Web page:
More shelters needed to provide protection
By Kim Tae-jong
Many married migrant women remain vulnerable to domestic violence here but these helpless women lack places to take temporary shelter when they want to run away from their violent husbands.
On Wednesday, police arrested a 45-year-old Korean man on suspicion of murdering his 25-year-old Cambodian wife about a year ago to cash in on insurance policies.
It is the latest in a series of murders of immigrant wives by Korean husbands. Cases of domestic violence against immigrant women abound. According to the Women Migrants Human Rights Center (WMHRC), a growing number of migrant women are seeking help from suffering violent abuse and various other hardships following marriage to a Korean man.
Some of the abused wives stay at shelters and prepare for a new life but a lot of migrant women don’t have access to proper help or protection.
“We have increasing calls for help from migrant women who suffer from domestic violence. But it’s hard due to a lack of facilities and related policies,” said Kang Seong-euy, secretary-general of WMHRC.
Interracial marriages here have been on a sharp rise. In 2010, foreign nationals married to Koreans reached 180,000, up from 160,000 in 2009, according to the Ministry of Gender Equality and Family.
Six call centers are in operation across the nation, which receive around 5,000 calls a month from troubled migrant wives. However, only 18 government-funded shelters are available, each accommodating less than 20 people.
Compared to assistance provided for Korean women experiencing domestic violence, centers for migrant women also have to deal with providing translation, legal and emotional care services.
“Another major problem is that women come here with their children, but our center is a women-only facility. So it’s very hard to take care of children aged over 10,” Kang said.
Lack of protective policies
What complicates the situation is many migrant wives are reluctant to report to the authorities about their problems such as a husband’s abusive treatment in fear of deportation.
“Some husbands take advantage of the fact that their wives dread being deported. When a relationship falls apart and a migrant wife fails to prove her husband is responsible, she has to leave the country,” Kang said.
Korean husbands tend to abuse visa rules here as they only allow migrant wives to stay here under the condition that they stay married, with related laws focusing on the protection of Korean husbands without properly considering the human rights of migrant wives.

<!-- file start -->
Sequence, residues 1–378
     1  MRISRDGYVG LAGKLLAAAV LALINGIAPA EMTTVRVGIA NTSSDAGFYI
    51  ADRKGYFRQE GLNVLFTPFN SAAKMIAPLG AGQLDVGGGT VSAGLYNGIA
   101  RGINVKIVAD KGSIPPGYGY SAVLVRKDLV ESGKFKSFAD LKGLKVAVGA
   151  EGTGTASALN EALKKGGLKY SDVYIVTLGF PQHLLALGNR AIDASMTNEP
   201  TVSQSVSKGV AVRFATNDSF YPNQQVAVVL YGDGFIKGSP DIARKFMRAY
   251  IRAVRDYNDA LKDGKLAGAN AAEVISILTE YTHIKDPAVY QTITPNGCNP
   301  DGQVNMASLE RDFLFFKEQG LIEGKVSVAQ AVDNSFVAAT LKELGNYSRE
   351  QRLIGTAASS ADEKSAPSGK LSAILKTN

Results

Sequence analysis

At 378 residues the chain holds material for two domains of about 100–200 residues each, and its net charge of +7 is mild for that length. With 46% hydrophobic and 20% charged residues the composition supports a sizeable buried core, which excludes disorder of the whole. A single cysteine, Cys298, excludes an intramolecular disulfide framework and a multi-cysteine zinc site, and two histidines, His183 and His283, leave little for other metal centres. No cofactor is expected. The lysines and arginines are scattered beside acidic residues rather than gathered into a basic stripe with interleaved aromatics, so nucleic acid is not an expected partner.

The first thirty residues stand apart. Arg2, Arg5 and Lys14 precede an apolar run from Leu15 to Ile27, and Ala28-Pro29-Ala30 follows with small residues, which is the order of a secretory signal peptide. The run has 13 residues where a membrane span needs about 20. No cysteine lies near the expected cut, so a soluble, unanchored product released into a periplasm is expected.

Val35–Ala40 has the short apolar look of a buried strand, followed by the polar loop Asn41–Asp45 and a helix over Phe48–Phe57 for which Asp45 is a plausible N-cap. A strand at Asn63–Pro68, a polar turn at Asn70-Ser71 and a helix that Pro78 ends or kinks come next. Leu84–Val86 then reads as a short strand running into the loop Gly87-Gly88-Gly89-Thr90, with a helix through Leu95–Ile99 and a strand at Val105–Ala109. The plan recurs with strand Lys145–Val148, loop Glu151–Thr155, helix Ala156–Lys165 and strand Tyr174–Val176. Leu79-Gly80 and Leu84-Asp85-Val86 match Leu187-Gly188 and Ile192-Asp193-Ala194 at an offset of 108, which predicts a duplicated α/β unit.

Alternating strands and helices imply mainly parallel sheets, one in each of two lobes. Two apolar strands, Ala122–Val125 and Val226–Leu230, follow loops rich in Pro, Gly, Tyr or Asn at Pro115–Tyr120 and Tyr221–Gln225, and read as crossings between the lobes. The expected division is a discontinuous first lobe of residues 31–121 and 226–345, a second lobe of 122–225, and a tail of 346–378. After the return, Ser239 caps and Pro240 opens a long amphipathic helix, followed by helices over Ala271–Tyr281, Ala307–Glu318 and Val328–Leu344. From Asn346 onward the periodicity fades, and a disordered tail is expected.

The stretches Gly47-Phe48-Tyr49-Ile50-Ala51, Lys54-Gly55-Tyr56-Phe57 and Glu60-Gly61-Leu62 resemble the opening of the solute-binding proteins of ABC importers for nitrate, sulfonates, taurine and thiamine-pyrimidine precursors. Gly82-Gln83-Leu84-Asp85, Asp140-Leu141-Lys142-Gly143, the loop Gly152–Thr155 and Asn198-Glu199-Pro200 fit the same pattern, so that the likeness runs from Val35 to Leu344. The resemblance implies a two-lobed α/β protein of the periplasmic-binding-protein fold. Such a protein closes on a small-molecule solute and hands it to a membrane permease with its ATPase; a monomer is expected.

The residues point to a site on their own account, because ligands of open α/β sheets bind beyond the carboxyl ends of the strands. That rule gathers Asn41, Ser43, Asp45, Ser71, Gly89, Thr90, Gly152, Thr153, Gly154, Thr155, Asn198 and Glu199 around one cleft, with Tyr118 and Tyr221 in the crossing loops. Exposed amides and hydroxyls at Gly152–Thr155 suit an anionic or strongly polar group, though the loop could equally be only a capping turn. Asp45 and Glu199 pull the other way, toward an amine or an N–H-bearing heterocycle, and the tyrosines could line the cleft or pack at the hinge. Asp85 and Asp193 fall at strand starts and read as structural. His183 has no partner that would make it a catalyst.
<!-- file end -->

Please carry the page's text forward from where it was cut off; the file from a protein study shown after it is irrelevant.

Tougher visa rules on migrant wives have been in place since 1998, making it mandatory for migrant wives to maintain their marriage at least for two years to be entitled to Korean citizenship.
“There were numerous reports in the past that migrant wives simply wanted to end their marriage all of a sudden but stay here and work,” an official from the Ministry of Justice said. “That’s why we had to be stricter on visa policies on migrant wives.”
But human rights activists and experts claim that the government should introduce measures to prevent migrant wives from falling victim to domestic violence.
They also argue most interracial marriages are fraught with various problems from the very beginning, as they are usually arranged quickly in just a week by matchmaking agencies, and the lack of understanding about each other usually leads to tragic results.
To minimize the problems of interracial marriages, the government strictly regulates matchmaking firms for illegal practices and forces Korean men to take a mandatory three-hour class on the culture of the would-be spouses’ countries to help them understand their would-be spouse’s culture.
Experts however call for even more efficient preventive measures.
“In most cases, the underlying issue is the lack of respect stemming from a lack of understanding,” said Kang Sung-hea, director of the Emergency Support Center for Migrant Women. “Most conflicts in marriages begin from very trivial issues but they become the most threatening and critical, which sometimes develops into violence.”
But she emphasized that it is dangerous to approach the issue in black and white, blaming solely either the husband or the wife.
“It’s not fair to simply say the husband is responsible or the wife is to blame for tragedy as they probably entered the marriage with different expectations and different ideas about an ideal marriage. In a way, society should also be accused as it fails to help couples adjust, leading them to face tragic ends,” she said.
보호받지 못하는 외국인 부인들
많은 결혼 이주 여성들은 가정 폭력에 무방비로 노출되어 있지만, 폭력 남편으로부터 도망 친다고 해도 마땅히 보호받을 임시 쉼터를 구하는 일도 쉽지 않다.
지난 수요일 경찰은 45세의 한국인 남편을 구속했다. 그의 혐의는 작년 보험금을 노려 25세의 아내를 살해한 것이다.
이것은 한국인 남편들에 의한 이주 여성 살해 사건들 중에 가장 최근이 일이다. 이주 결혼 여성에 대한 가정 폭력의 사례는 대단히 많다.
한국이주여성인권센터에 따르면, 점 점 더 많은 이주 여성들이 한국인 남편과의 결혼 생활에서 폭력적 대우나 다른 문제들로 인해 도움을 구하고 있다고 한다.
폭력을 받은 몇 몇의 아내들은 쉼터에서 생활하며 새로운 삶을 준비하고 있지만, 더 많은수의 여성들은 적절한 도움이나 보호조차 받지 못하고 있다.
“가정 폭력의 피해를 받는 이주 여성들로부터 많은 전화를 받습니다. 그렇지만, 시설과 관련 규정의 부족해서 제대로 그분들을 돌볼 수가 없습니다,” 강성의 사무처장은 말했다.
국제 결혼은 급격한 증가 추세에 있다. 여성 가족부에 따르면, 2010년 현재, 한국인과 결혼한 외국인 국적자는 18만 명에 이른다. 이는 2009년의 16만 명에서 증가한 것이다.